No. of Patients Proportion of patients adherent Patient interface only Barrios et al,15 2007 Kooy et al,18 2013 Charles et al,19 2007 Integrated intervention Matsuyama et al,42 1993 Elixhauser et al,35 1990 Kooy et al,18 2013 Wu et al,34 2012 Mean level of adherence Patient interface only Vervloet et al,24, 25, 26 2010, 2011, 2014 Wagner and Ghosh-Dastidar,16 2002 (electronic monitoring) Wagner and Ghosh-Dastidar,16 2002 (patient diaries) Holló and Kothy,20 2008 Christensen et al,17 2010 Laster et al,23 1996 McKenney et al,21 1992 (timepiece cap) Integrated intervention Mengden et al,53 2006 Forni Ogna et al,39 2012 de Bruin et al,32, 33 2010a Kruse et al,44 1994 Murray et al,28, 29 2004 and 2007 Russell et al,47, 48 2010 and 2011 de Bruin et al,55 2005 Sabin et al,36 2010 Rigsby et al,38 2000 Rosen et al,58 2004 Waeber et al,49 1999 Cramer and Rosenheck,41 1999 McKenney,21 1992 (timepiece cap + card) Tashkin et al,30 1991 Nides et al,31 1993 Kozuki and Schepp,43 2006 McKenney et al,21 1992 (timepiece cap + card + cuff) Okeke et al,51 2009 Mooney et al,37 2007 Schmitz et al,40 2005 Onyirimba et al,46 2003

Risk Difference, % (95% CI)

Intervention

Control

Intervention

Control

Type of Device

485 117 44

1038 128 46

92.0 73.0 88.6

91.0 65.0 39.1

1 2 2

1.0 (–2.0 to 4.0) 7.8 (–3.8 to 19.4) 49.5 (32.4 to 66.6)

15 31 54 54

17 37 128 28

80.0 68.0 70.4 69.5

88.0 65.0 64.8 36.0

1 1 2 1

–8.0 (–34.3 to 18.3) 3.0 (–19.8 to 25.8) 5.5 (–9.3 to 20.4) 33.5 (11.6 to 55.4)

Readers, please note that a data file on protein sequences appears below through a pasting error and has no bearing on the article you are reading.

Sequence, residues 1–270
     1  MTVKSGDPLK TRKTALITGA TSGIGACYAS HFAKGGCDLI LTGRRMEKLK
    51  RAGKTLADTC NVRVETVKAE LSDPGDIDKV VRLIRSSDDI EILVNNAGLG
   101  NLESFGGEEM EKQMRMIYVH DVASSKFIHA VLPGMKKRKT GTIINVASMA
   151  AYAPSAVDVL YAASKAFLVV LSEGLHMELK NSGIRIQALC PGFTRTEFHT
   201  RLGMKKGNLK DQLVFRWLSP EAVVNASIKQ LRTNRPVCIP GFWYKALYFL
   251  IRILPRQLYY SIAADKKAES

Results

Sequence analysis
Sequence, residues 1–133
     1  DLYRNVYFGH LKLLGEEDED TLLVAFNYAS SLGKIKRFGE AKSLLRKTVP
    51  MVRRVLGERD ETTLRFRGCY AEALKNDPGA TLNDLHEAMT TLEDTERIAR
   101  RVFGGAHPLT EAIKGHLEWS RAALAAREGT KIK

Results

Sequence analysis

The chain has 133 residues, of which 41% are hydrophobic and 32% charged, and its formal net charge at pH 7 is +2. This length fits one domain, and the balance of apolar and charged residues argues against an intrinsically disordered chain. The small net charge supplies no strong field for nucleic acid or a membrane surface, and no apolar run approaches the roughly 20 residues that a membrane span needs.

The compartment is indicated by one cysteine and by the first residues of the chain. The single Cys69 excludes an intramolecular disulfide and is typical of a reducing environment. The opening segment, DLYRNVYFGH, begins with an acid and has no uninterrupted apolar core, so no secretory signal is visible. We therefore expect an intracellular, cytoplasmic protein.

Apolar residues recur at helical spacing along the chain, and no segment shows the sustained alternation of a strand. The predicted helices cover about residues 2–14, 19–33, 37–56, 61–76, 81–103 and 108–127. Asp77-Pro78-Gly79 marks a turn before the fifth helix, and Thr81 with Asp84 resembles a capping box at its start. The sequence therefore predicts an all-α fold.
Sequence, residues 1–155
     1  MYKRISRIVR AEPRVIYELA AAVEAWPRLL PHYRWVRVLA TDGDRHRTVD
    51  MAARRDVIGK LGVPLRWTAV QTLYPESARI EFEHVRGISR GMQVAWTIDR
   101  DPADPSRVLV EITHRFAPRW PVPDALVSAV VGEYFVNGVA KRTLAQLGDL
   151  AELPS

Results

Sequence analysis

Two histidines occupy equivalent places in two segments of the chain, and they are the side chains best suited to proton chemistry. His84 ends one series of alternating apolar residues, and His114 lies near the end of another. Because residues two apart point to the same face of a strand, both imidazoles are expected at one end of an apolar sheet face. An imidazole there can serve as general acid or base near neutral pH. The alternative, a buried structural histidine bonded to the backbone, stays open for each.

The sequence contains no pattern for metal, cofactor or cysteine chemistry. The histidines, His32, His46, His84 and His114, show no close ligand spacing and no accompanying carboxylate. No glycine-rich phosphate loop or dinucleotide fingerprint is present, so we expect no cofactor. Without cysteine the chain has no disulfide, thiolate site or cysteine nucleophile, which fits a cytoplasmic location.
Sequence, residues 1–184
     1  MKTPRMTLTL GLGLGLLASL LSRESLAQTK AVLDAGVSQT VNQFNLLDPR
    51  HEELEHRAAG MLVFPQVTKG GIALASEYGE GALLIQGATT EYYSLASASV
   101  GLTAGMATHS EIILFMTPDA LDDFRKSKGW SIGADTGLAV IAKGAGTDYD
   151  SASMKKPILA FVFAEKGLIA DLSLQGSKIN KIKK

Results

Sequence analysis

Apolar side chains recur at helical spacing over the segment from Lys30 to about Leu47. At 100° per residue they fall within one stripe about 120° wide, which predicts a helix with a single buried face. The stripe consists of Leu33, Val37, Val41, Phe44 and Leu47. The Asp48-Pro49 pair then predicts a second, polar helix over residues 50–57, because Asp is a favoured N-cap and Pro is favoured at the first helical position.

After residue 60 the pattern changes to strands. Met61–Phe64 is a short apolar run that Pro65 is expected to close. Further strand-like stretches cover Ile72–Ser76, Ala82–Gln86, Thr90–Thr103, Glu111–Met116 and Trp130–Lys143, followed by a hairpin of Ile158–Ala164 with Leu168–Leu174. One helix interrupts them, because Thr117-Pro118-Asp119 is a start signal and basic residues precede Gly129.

48 60

57 57

65.5 91.4

68.4 93.8

5 1

–2.9 (–12.3 to 6.5) –2.4 (–6.9 to 2.1)

56

57

92.4

93.8

1

–1.4 (–8.2 to 5.4)

34 219 13 17

34 179 13 16

85.3 91.0 95.8 93.6

81.6 85.0 83.1 79.0

2 2 4 4

3.7 (–5.3 to 12.7) 6.0 12.7 (6.9 to 18.5) 14.6 (2.8 to 26.4)

44 32 66 15 122 5 19 31 37 16 6 25 17 116

18 16 67 9 192 8 19 33 18 17 6 20 16 89

99.0 99.0 NA 92.0 78.8 88.0 93.0 96.5 75.0 80.0 83.0 76.0 98.7 60.2

98.0 97.0 NA 81.5 67.9 77.0 82.0 84.5 60.0 65.0 64.0 57.0 79.0 40.4

3 1 1 1 1 1 3 1 1 4 1 1 4 1

1.0 2.0 7.4 (3.5 to 11.3) 10.5 (6.1 to 14.9) 10.9 (5.0 to 16.7) 11.0 (2.1 to 19.9) 11.0 12.0 (4.6 to 19.4) 15.0 15.0 19.0 (0.4 to 37.6) 19.0 (3.3 to 34.7) 19.7 (7.4 to 32.0) 19.8 (12.3 to 27.3)

15 17

14 16

88.0 100.2

68.0 79.0

1 4

20.0 21.2 (9.6 to 32.8)

35 27 22 10

31 28 24 9

73.0 77.0 73.0 81.0

51.0 54.0 48.0 47.0

2 1 1 1

22.0 (9.2 to 34.8) 23.0 25.0 34.0 (27.7 to 40.3) –40

–20

0

20

40

60

80

Risk Difference, % (95% CI)

Studies are ordered by increasing effect size. Studies for which insufficient information was available to estimate 95% CIs are displayed using orange circles. Type of device: 1 = adherence recorder only; 2 = adherence recorder and audiovisual alarm; 3 = adherence recorder and liquid crystal display; 4 = adherence recorder, audiovisual alarm, liquid crystal display; 5 = adherence recorder and real time monitoring. Some studies from Tables 1 and 2 are not

Digital displays and audiovisual reminders were the next most common feature of EMP devices. Digital displays were analyzed in 9 studies.21-23,52-55,57,58 Information provided by the digital displays included the time the container was previously opened, the amount of elapsed time since the last opening, and/or the number of times the container had been opened on that day. Audio or vi1244

included in this figure, either because of the type of statistic reported or because missing descriptive statistics prevented inclusion. Two studies assess both patient interface–only and integrated interventions and are therefore included in both categories. a

Actual level of adherence by group not reported.

sual reminders to cue dosing, which included auditory beeps or flashing lights to cue dosing, were also found in 9 studies in our sample.17-23,51,58 The only device that recorded adherence using real-time monitoring via an integrated antenna did not show a significant improvement in adherence, except when the real-time monitoring was com-